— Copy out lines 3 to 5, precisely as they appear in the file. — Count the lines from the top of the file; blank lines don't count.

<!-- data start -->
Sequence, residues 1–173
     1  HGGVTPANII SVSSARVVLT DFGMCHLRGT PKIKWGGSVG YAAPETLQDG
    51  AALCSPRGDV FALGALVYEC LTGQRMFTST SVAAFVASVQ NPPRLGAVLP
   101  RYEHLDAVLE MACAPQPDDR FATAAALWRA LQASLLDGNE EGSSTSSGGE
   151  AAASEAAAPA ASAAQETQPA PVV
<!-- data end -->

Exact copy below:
    51  AALCSPRGDV FALGALVYEC LTGQRMFTST SVAAFVASVQ NPPRLGAVLP
   101  RYEHLDAVLE MACAPQPDDR FATAAALWRA LQASLLDGNE EGSSTSSGGE
   151  AAASEAAAPA ASAAQETQPA PVV